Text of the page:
Perhaps the most common form of crisis management, a responsive approach requires managers to evaluate the situation and take action to rectify it. Responsive management often necessitates advance planning; if your business has a strategy in place to fix a crisis before it happens, then you’ll be well-poised to repair the damage in an efficient and effective manner.
Proactive crisis management anticipates a potential disaster and makes moves to prevent it before it ever occurs. Fontanella presents “building an earthquake-resistant office and sharing an evacuation plan with employees” as an example of proactive crisis management for a natural crisis.
According to Fontanella, recovery crisis management generally involves “issuing a public apology and conducting research into what caused the unexpected crisis." It’s a manner of salvaging public goodwill and making amends for damages caused by the crisis.
Putting crisis management tactics into practice can prove challenging for businesses struggling to put their disasters behind them. Luckily, for each style of crisis, there’s a means of solving the problem and ultimately restoring the company’s reputation. These five courses of action can help companies overcome difficulties and project a confident image to customers and critics alike.
Finances involve direct, unambiguous numerical figures; there’s no room for procrastination or double talk when dealing with a financial crisis. Fontanella presents the following recommendation for fixing these issues: “The company must move funds around to cover immediate short-term costs. Then, they'll need to reanalyze their revenue sources to look for new ways to generate long-term income as well as increase their margins.”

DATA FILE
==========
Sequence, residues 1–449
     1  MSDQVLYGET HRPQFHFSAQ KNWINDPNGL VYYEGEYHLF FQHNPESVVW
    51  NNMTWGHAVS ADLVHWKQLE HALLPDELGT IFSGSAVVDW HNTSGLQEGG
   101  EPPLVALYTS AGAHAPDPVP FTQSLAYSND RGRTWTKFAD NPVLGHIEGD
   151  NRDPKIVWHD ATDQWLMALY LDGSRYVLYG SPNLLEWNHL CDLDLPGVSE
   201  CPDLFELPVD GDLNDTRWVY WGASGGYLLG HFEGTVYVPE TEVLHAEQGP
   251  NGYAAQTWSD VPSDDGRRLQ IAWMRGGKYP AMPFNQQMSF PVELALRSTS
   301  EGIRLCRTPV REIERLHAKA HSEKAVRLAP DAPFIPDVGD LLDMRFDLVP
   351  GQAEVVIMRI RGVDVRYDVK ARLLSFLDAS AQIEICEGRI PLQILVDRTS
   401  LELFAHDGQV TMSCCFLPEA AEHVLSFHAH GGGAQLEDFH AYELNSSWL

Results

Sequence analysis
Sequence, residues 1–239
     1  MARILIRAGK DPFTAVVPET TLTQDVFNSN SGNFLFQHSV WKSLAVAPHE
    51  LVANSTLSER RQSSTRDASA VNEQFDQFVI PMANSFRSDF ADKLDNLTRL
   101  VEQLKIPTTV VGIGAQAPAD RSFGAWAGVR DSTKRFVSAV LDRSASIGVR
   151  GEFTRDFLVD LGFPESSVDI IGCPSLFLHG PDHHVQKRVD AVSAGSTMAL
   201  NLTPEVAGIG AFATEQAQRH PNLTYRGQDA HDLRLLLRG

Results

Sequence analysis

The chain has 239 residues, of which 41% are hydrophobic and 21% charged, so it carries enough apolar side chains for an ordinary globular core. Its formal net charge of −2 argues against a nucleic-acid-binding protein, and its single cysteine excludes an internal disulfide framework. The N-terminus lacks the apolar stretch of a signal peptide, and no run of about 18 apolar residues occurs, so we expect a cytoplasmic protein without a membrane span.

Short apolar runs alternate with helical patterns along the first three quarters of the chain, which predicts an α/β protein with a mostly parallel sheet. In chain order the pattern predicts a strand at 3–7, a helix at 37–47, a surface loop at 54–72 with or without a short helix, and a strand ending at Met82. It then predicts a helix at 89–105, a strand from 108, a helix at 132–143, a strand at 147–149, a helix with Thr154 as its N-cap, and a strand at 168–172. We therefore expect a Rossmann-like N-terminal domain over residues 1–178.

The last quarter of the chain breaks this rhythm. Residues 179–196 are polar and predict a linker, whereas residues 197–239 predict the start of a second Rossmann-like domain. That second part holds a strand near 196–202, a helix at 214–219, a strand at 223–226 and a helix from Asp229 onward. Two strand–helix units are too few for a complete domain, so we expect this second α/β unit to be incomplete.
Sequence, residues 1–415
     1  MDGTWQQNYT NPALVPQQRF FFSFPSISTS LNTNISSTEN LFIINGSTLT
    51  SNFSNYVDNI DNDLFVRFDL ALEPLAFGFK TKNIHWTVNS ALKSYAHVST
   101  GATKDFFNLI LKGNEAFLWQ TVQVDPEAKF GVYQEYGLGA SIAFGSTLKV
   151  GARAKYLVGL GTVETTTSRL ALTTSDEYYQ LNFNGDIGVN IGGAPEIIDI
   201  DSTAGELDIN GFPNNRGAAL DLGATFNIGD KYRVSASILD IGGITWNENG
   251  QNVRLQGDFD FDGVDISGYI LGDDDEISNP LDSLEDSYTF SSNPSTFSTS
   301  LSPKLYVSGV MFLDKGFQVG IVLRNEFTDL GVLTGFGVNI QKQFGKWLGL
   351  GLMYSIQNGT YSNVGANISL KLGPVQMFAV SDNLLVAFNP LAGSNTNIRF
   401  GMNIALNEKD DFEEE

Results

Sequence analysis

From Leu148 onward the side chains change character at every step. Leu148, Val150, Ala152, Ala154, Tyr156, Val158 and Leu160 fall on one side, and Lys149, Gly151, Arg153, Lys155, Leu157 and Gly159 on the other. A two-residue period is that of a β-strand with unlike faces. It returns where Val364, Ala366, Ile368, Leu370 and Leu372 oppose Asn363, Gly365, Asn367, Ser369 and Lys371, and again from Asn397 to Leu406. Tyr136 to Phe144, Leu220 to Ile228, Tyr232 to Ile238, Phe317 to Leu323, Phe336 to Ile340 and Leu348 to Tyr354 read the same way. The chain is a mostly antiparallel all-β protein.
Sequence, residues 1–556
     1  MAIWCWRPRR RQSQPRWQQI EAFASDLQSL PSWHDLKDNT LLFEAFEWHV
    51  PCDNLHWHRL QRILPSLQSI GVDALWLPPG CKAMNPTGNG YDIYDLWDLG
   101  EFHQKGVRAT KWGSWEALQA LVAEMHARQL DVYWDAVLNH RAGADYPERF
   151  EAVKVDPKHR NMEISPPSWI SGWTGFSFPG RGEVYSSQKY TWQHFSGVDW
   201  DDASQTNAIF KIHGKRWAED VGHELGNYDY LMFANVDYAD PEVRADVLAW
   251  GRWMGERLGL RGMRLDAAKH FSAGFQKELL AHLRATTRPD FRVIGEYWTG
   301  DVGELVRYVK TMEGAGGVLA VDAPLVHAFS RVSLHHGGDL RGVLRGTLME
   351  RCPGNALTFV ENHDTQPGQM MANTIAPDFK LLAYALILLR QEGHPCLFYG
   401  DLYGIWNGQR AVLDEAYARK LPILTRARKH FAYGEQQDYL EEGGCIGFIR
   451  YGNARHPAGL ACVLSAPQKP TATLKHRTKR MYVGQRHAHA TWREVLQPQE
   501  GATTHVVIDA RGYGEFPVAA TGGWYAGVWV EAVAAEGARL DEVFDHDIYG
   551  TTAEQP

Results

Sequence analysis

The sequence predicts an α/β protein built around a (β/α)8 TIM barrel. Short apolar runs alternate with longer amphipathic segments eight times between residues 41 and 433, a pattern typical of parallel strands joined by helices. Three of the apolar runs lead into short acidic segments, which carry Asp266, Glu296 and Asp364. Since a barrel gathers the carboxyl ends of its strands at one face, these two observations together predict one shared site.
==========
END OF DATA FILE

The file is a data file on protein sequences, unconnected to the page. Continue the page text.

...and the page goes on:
Personnel crises often require a bit of investigation; if an employee did something or said something that can damage the company’s reputation, you’ll want to ensure that you have all of the facts before taking decisive action in either direction. According to Fontanella, “you'll need to identify the scope of the situation, determine appropriate disciplinary action, and if necessary, provide a written or verbal statement. It's important to first fully evaluate the situation and determine how severely the individual violated your company's values. This will help you determine the right responsive action to take against the convicted individual.”
A company-wide misstep often reflects a workplace culture with skewed priorities and unsavory dynamics. Therefore, a solution to an organization crisis entails an examination of your company culture. Does your business emphasize the importance of customer satisfaction? Or do managers and employees regularly allow other concerns to take priority over the success and fulfilled needs of your clientele? If the latter proves true, then it’s time to redefine the atmosphere of the workplace and to ensure that all employees and managers are on the same page.
In some ways, technological crises are among the easiest to solve. This mainly rests on the fact that tech problems have clear causes and, in most cases, clear solutions. Therefore, there’s no reason to hesitate before calling in equipment and systems experts to offer their advice and to make sure that all operations are in good working order. To minimize damage to your company and to your customers’ experiences, timeliness must rise to the top of your priority list.
As unpredictable and devastating as natural disasters are, taking a proactive stance to protect your company from these crises can significantly reduce the negative impact on your business. Fontanella says that “the best way to handle natural crises is to be proactive. Build your office in a structure that's resilient to weather in your area and prepare an evacuation plan in the event of an emergency. It will also help to prepare a contingency plan for business operations in case your offices become unavailable.”